Other road trippers don't want to be constrained by such details, and just desire to experience the scenery and freedom along the open road: the expansive farms in Illinois, green hills of Missouri and the wide open spaces of Oklahoma and Texas ... and the mountains and deserts of New Mexico, Arizona and California!
Some love history, some geography. Some like old gas stations, quirky attractions, and quaint motels, while others enjoy exploring the many museums along the route. Some road trippers like big cities such as Chicago or Albuquerque, others enjoy smaller spaces like Catoosa, Seligman, Litchfield or Lebanon. The Mother Road offers something for everyone!
All that said, a road trip on Route 66 offers many options, and can be tailored to individual interests, and time constraints.
Enjoy planning and driving YOUR next Route 66 road trip!
Need More Help Planning Your Route 66 Trip?
Popular Route 66 resources for your next road trip!
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Heading out soon? Here's help to document your road trip
Many travelers on Historic Route 66 enjoy documenting their road trips with stamps collected in "passports" that they gather at different stops along the Mother Road.
A number of passports are available, including these:
Route 66 Passport
The new improved, 76-page 2022 edition of Mother Road Route 66 Passport is now available to Route 66 travelers and enthusiasts.
Passport holders collect unique stamps, free souvenirs and exclusive discounts at carefully 37 selected locations on their adventure along Route 66. Special pages are also provided to collect autographs or write notes, as well as illustrated maps.
The popular passport is available for purchase at many Route 66 passport distribution points, and the Touch Media website as well as at other online locations.
Oklahoma Route 66 Passport
The Oklahoma Route 66 Passport from the Oklahoma Tourism & Recreation Department helps Route 66 travelers find new destinations to explore and document their progress along the way.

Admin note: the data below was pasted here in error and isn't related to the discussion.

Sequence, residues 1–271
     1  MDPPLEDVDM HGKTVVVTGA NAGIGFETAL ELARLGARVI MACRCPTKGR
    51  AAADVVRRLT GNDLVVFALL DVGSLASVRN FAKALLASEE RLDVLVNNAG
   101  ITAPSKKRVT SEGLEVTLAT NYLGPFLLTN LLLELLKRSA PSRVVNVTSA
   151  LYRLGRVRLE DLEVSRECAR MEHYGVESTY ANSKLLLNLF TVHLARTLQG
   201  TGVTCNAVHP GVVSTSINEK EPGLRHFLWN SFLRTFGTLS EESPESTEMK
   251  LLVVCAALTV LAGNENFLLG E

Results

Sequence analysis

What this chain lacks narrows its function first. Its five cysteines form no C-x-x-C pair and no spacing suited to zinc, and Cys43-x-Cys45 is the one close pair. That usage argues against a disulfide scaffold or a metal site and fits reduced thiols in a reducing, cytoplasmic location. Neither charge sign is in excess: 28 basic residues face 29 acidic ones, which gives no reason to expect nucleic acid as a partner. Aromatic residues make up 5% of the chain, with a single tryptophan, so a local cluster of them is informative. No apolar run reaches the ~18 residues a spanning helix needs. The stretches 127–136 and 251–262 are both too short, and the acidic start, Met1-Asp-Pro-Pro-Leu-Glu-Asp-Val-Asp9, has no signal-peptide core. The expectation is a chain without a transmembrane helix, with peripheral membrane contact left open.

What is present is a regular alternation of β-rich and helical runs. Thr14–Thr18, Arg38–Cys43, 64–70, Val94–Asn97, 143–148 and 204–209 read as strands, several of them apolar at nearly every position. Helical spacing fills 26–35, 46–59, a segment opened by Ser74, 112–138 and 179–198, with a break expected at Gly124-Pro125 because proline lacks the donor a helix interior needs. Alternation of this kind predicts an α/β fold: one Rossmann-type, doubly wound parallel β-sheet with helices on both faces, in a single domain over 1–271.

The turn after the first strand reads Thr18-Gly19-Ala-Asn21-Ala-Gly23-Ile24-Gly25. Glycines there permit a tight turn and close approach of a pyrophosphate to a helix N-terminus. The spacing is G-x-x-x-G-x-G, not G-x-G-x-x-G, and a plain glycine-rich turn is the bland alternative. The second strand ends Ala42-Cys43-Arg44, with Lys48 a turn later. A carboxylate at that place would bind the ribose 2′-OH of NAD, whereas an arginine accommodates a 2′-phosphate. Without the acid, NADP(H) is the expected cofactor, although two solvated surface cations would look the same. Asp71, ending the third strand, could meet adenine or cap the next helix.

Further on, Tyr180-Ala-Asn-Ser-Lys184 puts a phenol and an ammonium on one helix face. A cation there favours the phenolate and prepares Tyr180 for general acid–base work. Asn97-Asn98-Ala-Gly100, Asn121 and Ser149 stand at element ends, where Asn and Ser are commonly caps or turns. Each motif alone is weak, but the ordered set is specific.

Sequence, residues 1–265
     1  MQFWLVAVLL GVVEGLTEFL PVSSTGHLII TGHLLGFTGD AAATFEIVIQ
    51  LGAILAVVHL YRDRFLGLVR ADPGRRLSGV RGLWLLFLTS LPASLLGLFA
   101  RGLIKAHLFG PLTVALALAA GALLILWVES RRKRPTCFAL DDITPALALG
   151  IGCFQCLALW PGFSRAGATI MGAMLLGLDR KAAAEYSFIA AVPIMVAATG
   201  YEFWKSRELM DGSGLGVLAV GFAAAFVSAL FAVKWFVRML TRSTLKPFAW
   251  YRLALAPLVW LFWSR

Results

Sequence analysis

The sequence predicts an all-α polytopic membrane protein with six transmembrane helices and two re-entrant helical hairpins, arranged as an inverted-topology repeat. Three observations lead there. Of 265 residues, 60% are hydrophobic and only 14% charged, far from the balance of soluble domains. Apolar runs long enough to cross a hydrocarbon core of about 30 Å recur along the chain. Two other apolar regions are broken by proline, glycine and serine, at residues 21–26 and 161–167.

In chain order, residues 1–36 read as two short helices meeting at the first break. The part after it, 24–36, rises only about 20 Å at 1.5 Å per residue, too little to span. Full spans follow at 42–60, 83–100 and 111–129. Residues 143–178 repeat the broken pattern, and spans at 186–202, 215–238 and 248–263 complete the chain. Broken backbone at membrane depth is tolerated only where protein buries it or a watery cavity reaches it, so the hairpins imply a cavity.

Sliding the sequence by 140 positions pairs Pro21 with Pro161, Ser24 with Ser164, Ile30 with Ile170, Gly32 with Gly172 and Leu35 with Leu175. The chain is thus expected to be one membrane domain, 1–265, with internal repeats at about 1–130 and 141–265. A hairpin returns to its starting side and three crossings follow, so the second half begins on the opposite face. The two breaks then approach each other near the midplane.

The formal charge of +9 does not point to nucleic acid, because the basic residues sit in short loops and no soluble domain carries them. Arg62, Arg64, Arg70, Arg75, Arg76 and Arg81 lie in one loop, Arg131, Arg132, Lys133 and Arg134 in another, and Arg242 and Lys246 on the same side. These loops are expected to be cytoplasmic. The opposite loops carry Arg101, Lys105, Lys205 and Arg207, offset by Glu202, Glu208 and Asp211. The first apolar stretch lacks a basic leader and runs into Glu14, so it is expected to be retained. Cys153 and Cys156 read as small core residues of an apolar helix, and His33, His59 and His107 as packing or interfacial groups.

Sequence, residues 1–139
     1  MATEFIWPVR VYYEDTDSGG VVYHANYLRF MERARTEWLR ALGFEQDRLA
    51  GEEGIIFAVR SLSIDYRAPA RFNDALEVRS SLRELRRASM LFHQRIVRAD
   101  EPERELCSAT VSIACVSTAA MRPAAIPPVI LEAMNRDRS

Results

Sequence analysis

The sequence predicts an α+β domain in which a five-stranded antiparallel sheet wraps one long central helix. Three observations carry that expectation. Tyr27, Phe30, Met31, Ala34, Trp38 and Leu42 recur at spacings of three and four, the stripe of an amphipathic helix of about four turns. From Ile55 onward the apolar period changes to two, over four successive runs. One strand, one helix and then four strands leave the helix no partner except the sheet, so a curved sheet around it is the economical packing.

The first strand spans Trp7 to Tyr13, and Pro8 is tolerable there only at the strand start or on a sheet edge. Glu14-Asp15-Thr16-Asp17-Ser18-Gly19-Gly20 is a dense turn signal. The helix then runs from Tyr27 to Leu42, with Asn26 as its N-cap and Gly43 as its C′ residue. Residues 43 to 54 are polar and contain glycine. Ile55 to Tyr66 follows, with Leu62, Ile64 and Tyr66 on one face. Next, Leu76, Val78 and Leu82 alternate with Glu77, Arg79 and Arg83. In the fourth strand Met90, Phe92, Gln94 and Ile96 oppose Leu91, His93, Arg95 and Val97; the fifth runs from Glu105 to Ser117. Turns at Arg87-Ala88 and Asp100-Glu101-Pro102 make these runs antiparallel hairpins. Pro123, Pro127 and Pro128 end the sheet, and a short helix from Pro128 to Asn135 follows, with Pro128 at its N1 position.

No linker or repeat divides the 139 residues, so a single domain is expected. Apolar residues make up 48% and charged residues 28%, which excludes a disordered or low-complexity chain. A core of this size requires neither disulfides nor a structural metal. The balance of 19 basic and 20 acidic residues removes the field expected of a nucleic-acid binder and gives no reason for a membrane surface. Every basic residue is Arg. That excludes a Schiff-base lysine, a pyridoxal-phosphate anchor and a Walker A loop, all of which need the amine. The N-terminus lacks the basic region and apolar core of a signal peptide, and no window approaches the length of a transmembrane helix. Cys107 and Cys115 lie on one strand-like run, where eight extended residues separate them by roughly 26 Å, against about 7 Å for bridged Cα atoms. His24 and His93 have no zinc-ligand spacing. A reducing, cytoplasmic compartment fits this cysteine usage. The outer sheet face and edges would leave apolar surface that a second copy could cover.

The Route 66 Passport, which is available free at TravelOK.com, features 66 of the state’s memorable Mother Road attractions. It includes iconic stops like Catoosa’s Blue Whale, the Stroud’s Rock Cafe and Clinton’s Oklahoma Route 66 Museum along with many newer favorites.
Get your passport stamped at each stop, then take it to a Tourism Information Center to be verified and earn an exclusive Route 66 coin.
More information about the Oklahoma Route 66 Passport
Order the Oklahoma Route 66 Passport online
Arizona Route 66 Passport
The Arizona Route 66 Passport is your guide into the heart of America. Cruise along the Mother Road, collecting stamps at locations along the way. Each passport comes with a free Traveler's Guide.
It is published by the The Historic Route 66 Association of Arizona, a non-profit organization, dedicated to the preservation, protection, and promotion of both the surface, and the memories along Arizona’s portion of Route 66. Proceeds from the sale of Passports benefit this cooperative marketing initiative.
Purchase an Arizona Route 66 Passport online or pick one up at one of the locations where stamps are given.
More information about the Arizona Route 66 Passport
Order the Arizona Route 66 Passport online
Illinois Route 66 Passport Stations
When driving Route 66 in Illinois, don’t forget to bring a notebook and a pencil to collect all of the Illinois Route 66 Passport Stamps!
When you discover a stamp on a Wayside Exhibit simply place a piece of paper over the rubbing station and use your pencil to collect a unique engraving. See sample location in the photos below ...